The coronavirus pandemic has significantly impacted Someya's work over the last three years. As part of infection control measures, the government issued a request for people to refrain from touching those who died from COVID-related illness.

That meant that tasks such as cleansing the body and applying make-up were often skipped. The deceased were placed in body bags and then coffins sealed with tape.

During the pandemic, people who died from COVID-related illness were placed in body bags and coffins sealed with tape.

Bereaved families could not enter the crematorium, so many cremations took place without loved ones present.

A space for coffins at Someya's workplace

Someya's company has space to store bodies, but capacity was stretched during the COVID era when a nearby crematorium limited its operations. The whole situation upset his fellow workers.

"I can't help thinking this person will only return to the family as bones in an urn. I can't bear to think of this if it were my own family. I want to return the deceased to families through restoration. It is all I can do," noted one of Someya's colleagues.

Doing what they can

Some bereaved families of those who died after being infected with the coronavirus requested makeup and other treatments, saying that they wanted to make their family members look beautiful and see them off.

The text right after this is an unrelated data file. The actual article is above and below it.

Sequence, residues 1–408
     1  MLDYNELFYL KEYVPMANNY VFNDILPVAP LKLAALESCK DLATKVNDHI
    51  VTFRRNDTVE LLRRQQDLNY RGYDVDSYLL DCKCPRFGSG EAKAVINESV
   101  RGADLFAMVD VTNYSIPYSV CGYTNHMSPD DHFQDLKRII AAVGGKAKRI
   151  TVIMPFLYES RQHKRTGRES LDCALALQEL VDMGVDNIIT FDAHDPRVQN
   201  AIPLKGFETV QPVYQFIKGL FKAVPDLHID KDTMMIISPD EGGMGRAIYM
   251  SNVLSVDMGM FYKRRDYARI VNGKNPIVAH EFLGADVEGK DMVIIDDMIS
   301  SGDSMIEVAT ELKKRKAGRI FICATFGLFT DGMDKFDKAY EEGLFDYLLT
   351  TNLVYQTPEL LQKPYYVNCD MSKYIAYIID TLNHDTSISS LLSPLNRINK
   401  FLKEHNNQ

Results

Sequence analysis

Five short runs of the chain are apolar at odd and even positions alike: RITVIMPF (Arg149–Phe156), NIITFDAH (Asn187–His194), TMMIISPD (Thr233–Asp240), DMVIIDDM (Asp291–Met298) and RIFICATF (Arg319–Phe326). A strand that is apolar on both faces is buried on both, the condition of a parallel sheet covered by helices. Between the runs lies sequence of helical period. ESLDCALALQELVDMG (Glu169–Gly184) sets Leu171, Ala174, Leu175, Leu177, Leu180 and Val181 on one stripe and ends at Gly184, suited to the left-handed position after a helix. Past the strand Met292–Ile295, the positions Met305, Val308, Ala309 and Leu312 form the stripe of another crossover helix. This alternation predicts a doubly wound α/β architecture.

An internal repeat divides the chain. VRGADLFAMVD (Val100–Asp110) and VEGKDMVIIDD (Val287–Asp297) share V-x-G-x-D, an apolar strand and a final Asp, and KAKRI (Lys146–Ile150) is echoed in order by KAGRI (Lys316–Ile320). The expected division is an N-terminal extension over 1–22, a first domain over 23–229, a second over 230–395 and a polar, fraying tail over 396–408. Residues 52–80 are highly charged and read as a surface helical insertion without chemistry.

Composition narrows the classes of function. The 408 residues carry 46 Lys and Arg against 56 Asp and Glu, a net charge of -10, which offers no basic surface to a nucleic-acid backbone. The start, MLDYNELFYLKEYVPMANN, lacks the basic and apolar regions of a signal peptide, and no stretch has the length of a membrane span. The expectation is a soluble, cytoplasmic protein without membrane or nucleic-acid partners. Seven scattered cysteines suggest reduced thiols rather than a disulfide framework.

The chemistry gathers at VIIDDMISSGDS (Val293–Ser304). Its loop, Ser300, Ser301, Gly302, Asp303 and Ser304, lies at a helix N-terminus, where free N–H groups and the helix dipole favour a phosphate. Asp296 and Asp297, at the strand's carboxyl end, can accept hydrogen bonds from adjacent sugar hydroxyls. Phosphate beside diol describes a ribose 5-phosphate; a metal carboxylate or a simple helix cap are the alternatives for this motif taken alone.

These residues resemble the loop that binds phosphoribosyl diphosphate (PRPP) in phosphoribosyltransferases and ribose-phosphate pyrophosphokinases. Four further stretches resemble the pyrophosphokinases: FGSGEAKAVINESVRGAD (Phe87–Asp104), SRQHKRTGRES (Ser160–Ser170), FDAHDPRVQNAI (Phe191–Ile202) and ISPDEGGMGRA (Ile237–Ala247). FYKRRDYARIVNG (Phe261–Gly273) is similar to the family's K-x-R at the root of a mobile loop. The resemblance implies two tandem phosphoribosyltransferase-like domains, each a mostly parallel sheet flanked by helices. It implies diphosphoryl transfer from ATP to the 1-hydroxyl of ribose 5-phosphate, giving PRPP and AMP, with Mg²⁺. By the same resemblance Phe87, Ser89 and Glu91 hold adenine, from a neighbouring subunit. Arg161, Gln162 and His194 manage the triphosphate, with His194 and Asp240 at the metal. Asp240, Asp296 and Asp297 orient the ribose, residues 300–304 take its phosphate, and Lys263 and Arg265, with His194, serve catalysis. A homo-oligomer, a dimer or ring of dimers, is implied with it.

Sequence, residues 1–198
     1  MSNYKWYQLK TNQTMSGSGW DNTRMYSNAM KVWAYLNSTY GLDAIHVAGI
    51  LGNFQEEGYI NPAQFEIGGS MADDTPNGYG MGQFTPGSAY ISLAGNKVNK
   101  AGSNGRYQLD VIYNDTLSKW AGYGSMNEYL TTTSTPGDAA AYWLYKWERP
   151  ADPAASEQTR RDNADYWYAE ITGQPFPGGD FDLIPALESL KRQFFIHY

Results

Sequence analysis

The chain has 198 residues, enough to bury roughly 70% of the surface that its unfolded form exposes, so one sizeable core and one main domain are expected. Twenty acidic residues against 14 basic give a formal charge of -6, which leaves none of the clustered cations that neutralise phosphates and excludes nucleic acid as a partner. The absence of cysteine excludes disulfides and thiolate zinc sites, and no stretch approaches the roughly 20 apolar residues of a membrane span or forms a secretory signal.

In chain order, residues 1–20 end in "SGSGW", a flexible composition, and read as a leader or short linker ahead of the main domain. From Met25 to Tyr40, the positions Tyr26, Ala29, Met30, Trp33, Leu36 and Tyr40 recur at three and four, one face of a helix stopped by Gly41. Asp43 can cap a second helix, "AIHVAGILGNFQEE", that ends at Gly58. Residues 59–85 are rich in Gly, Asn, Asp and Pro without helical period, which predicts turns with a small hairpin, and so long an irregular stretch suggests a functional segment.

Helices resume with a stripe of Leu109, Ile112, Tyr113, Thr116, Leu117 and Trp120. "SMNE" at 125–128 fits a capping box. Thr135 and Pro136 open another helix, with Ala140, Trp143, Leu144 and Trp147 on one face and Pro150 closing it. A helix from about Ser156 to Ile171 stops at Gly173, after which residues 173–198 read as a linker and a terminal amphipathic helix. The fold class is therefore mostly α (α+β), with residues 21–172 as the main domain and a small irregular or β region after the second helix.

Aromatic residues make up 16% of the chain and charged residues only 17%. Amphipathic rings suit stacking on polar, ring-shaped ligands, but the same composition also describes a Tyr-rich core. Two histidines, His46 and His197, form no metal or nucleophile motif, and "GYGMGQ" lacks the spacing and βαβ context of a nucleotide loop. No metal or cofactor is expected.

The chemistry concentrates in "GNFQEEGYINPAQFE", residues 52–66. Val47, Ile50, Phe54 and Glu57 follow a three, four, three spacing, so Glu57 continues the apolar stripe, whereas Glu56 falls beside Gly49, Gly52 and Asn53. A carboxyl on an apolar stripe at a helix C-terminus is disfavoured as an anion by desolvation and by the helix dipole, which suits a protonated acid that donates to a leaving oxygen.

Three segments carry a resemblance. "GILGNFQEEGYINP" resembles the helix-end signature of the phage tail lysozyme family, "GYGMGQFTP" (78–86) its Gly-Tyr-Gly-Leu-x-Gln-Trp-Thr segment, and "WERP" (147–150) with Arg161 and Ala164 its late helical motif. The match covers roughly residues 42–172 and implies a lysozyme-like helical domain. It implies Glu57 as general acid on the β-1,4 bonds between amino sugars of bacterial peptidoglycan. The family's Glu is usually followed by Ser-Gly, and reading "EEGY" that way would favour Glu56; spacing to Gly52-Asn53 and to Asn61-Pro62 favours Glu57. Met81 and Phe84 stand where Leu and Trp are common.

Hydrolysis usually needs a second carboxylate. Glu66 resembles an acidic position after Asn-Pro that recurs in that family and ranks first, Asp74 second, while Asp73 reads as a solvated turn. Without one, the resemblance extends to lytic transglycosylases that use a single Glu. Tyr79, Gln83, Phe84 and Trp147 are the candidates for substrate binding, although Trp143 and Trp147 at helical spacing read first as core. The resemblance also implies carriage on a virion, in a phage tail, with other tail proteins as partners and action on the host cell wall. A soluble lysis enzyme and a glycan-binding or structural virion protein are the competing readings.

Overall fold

Protective attire, left, and regular wear, right

Initially, Someya's company adopted the maximum infection control measures, such as protective clothing, goggles, and double gloves. But in 2022, when the risk of infection was deemed low, Someya went back to using only one mask and one glove.

At the time, the government's restrictive guidelines were still in place, but Someya felt a duty to do what he could. Even so, the bodies were being placed in bags and sealed in coffins. Their families still could not be there to say goodbye.

The Japanese government reviewed the guidelines in January this year. "Body bags are not necessary if appropriate measures are taken for the corpse,'' states the new rulebook. "People can touch the corpse if they wash their hands well afterwards."

Someday death will come

Someya, who entered the industry in 1992, has witnessed much change. In recent years, economic pressures have popularized small funerals involving only close relatives, as well as cremations with no funeral service at all.

Japan's population is aging and more people die every year. By 2040, the number of deaths per year is expected to peak at 1.68 million.

Someya says that his company has received an increasing number of requests over recent years to work on the bodies of people who died in solitude. To ensure a dignified end, he wants people to think about how they will see off the dead, and how their own end will be.

Mortician Someya Yukihiro

As part of that, he suggests open discussion: "If you say to your family, 'What if I die?' they usually say, 'Don't say that,'' and that's where the conversation ends.

"But everyone dies. The time will come when both you and your loved ones will pass away. I don't think it's rude or inappropriate to prepare for something that you know will come someday."

*Related article: Japan's funeral industry struggles to keep pace with rising deaths (July 13, 2023)